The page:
WEEK IN REVIEW: poetry is not dead, we demand zipcopters

(Evan Karp)

An old 16th& Mission regular moved to New Zealand 5 months ago, wrote new poems there and memorized them, came back last week to the corner excited to perform them. “16th & Mission is over,” said his best friend and poetry cohort, though there were easily 150 people there to celebrate the 8th anniversary of weekly congregations. Old-timers reemerged for the event; newcomers brought their own understanding to the circle. Some of the best poets did not perform and the aforementioned cohort screamed a brilliant new poem into a wall of indifferent sound. The corner can be frustrating, but is far from dead.

Directly before that we filled Viracocha for what many said was the best edition of (New) Poetry Mission, featuring author of the new Manic D book 15 Ways to Stay Alive Daphne Gottlieb. Young poets signed up early and walked proud to the microphone, each voice conveying proof of dedication to a rapt audience of different but likeminded zealots of self-expression, all enthused to return the favor. The warm room was shorn from traditional readings by an atmosphere that is hard to explain. Co-host of the show and above cohort Andrew Paul Nelson took the stage for one of his teleological introductions and paused: “Almost every poem has been good.” We waited as he leaned in and hushed his voice. “That’s weird.” And that’s how the room had been feeling: witness to and cause of rare goodness. Every second Thursday, Kirya Traber will be the feature on Jun 9.

A group of poets met across the bay for the 11th installment of their series Condensery, which meets in-house and features three readers, wine and snacks. Something exciting bubbleth over there (more on that soon). Next outing on Jun 16th.

RADAR Productions is on a rampage, teaming up with the ZEN Center for Worst Horse, producing their 8th anniversary show (more soon) and the 3rd annual RADAR Spectacle fundraiser all in less than 3 weeks. Don’t they leave for Mexico soon? Follow the leaders…

Sparring with Beatnik Ghosts made it back into town for another marathon of beat-style rapping, Dog Eared Books launched its Book Club Reading Series, where a small crowd of poetry nerds read a new book of local poetry aloud to one another for an hour (next on Jun 12), there were readings in a dive bar, in a greenhouse, battles of all kinds on a full-size wrestling ring, the annual California Book Awards were awarded for the 80th time, Booksmith’s Bookswap turned 2 years old, Snap Judgment went live two times over at the Oakland Museum of California, women’s travel writing was heralded in San Rafael, and on Saturday night …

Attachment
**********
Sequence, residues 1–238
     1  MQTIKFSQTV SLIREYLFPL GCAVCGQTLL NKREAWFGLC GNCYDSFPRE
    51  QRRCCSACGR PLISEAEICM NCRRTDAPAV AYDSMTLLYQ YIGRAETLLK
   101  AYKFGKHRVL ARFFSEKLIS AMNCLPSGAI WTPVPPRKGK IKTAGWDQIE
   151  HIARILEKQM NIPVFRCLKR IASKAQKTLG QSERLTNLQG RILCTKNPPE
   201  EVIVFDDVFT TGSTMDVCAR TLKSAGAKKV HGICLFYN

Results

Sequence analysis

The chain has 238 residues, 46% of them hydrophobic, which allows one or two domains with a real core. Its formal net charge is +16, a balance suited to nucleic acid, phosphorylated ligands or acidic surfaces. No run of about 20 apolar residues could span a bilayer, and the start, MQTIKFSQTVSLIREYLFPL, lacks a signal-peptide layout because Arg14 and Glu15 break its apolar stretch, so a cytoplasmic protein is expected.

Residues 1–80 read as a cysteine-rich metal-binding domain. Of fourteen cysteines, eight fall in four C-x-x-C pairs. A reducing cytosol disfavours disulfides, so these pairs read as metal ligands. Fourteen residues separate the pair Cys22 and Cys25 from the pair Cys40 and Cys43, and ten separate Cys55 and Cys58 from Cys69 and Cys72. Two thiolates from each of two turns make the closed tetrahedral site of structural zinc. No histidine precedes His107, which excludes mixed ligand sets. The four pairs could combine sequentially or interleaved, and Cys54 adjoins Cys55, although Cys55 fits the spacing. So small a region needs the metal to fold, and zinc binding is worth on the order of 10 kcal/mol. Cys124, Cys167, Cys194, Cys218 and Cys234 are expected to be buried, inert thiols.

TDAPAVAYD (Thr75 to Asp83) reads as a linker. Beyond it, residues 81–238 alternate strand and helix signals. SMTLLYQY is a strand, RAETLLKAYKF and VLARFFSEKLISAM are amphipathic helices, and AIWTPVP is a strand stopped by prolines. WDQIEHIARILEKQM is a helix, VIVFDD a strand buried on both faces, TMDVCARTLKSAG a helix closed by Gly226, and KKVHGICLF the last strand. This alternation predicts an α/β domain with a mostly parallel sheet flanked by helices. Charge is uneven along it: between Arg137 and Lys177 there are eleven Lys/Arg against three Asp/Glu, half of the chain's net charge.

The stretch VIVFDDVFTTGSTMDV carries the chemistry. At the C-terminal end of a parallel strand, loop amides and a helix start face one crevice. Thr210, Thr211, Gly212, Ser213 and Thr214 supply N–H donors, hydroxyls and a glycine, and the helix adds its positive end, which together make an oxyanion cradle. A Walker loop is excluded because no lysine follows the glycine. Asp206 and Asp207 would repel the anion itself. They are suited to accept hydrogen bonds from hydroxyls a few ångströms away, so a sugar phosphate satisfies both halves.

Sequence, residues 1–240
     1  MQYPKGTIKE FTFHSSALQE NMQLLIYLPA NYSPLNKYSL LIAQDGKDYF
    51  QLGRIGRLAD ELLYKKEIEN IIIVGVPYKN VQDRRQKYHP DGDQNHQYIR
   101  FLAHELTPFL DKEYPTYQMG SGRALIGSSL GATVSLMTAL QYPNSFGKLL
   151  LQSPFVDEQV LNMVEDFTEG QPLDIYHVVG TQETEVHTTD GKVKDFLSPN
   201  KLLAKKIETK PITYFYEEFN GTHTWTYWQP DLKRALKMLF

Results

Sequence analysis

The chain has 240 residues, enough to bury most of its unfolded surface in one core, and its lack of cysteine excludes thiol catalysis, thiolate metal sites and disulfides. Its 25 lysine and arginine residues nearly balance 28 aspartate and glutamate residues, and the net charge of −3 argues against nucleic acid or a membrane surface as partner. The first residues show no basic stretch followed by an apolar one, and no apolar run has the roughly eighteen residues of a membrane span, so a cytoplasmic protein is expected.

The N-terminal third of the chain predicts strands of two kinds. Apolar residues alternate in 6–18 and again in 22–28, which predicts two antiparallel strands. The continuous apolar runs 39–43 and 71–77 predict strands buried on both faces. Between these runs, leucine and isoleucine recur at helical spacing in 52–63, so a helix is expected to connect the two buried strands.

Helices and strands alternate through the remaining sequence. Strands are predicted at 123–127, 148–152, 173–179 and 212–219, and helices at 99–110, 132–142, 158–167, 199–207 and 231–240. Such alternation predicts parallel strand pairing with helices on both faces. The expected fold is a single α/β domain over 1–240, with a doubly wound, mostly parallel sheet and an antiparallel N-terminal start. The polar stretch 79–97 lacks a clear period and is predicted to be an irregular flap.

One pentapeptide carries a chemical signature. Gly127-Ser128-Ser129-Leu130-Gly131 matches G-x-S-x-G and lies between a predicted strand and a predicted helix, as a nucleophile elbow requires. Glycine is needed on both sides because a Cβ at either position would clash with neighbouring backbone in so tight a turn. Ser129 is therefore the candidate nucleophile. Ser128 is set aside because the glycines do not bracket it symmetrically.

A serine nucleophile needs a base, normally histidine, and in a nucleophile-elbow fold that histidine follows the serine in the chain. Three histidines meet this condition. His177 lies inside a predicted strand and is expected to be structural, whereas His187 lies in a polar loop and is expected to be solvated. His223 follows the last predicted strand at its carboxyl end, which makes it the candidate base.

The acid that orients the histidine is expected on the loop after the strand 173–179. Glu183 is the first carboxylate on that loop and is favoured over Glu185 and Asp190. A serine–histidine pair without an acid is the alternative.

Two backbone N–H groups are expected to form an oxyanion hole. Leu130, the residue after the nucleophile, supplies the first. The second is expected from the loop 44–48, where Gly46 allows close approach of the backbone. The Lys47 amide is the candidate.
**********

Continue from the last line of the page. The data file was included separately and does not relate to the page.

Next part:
A crowd of rollicking lit enthusiasts filled the basement of a swank cantina on Sutter Street while everything from hippies to hipsters to blue-collar youngsters filled the Space Gallery for a 2 year celebration of the humor reading series LitUp Writers, essay after essay of first-person narratives revealing the innate individual need for personal context and the recent swelling of mass appreciation therefor, all the while in Fruitvale the popular backyard free-for-all Naked Bulb converted itself into a sleepover (more to come on that, we hope) and at Pegasus Books the 1st Person Singular series performed a by-demand reprise of their August Wilson arias.

With all of this in a matter of 9 days it is a wonder that we aren’t equipped with backpacks of cameras and livestreaming cables, petty cash and a small arsenal of zipcopters to broadcast our aggregate dreamscape realtime into dream-impoverished lands. By whom? This is only a guess, but Litseen’s search for localized weapons of mass instruction have been infinitely more fruitful than the entire government’s search for the contrary, and have yielded bounteous crops of creation in the time not of cholera but of constipation of reason, the basic tenets of humanity life liberty and the pursuit of happiness, and all else otherwise irreducible to smoke and mirrors. One is inclined to believe that had we a Pronoia news network we might be able to solve the world’s problems by proving our individual worth everywhere we went looking [live tomorrow].